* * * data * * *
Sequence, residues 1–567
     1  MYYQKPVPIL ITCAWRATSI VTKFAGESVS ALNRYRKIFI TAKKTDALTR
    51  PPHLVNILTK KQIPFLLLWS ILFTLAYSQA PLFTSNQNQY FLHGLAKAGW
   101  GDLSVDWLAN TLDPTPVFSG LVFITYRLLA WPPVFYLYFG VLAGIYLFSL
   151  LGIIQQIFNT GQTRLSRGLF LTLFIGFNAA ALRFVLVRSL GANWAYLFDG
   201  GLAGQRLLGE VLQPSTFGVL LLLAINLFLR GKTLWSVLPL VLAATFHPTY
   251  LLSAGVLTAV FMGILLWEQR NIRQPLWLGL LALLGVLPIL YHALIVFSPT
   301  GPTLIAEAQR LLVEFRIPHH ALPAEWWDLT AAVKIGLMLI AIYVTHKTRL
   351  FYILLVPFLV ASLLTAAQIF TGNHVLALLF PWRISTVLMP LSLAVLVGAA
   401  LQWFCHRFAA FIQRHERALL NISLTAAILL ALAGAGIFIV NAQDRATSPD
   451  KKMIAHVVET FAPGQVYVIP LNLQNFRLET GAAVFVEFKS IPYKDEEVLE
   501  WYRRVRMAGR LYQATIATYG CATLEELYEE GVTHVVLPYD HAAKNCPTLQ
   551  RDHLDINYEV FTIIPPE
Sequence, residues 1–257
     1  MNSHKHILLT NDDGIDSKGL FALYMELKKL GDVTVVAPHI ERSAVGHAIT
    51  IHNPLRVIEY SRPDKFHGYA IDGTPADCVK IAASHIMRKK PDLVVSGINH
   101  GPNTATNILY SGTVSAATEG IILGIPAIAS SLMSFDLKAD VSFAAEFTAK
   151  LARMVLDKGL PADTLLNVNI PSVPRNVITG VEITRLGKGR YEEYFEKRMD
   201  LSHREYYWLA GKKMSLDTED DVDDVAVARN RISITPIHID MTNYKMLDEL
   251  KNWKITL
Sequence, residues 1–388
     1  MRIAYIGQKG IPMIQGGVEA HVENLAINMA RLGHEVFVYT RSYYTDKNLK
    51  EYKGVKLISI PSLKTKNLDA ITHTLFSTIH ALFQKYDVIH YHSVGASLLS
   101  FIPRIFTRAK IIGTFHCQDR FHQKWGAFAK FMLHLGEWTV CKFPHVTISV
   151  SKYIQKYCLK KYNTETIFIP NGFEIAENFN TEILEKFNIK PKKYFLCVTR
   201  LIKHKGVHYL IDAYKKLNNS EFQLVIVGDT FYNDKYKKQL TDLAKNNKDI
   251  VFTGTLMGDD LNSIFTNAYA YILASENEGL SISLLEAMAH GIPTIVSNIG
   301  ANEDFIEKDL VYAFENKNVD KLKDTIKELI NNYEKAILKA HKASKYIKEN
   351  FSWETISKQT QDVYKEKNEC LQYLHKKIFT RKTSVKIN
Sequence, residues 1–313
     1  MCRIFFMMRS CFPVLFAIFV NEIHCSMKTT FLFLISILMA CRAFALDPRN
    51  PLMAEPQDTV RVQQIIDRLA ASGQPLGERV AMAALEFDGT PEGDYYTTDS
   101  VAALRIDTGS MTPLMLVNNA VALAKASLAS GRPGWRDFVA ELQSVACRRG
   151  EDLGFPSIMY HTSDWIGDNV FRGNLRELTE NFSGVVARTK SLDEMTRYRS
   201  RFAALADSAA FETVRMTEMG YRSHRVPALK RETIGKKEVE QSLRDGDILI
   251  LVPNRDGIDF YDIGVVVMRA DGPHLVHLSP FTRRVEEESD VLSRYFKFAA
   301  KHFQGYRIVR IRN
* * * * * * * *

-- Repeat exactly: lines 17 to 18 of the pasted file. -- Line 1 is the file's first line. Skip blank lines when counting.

   101  GPNTATNILY SGTVSAATEG IILGIPAIAS SLMSFDLKAD VSFAAEFTAK
   151  LARMVLDKGL PADTLLNVNI PSVPRNVITG VEITRLGKGR YEEYFEKRMD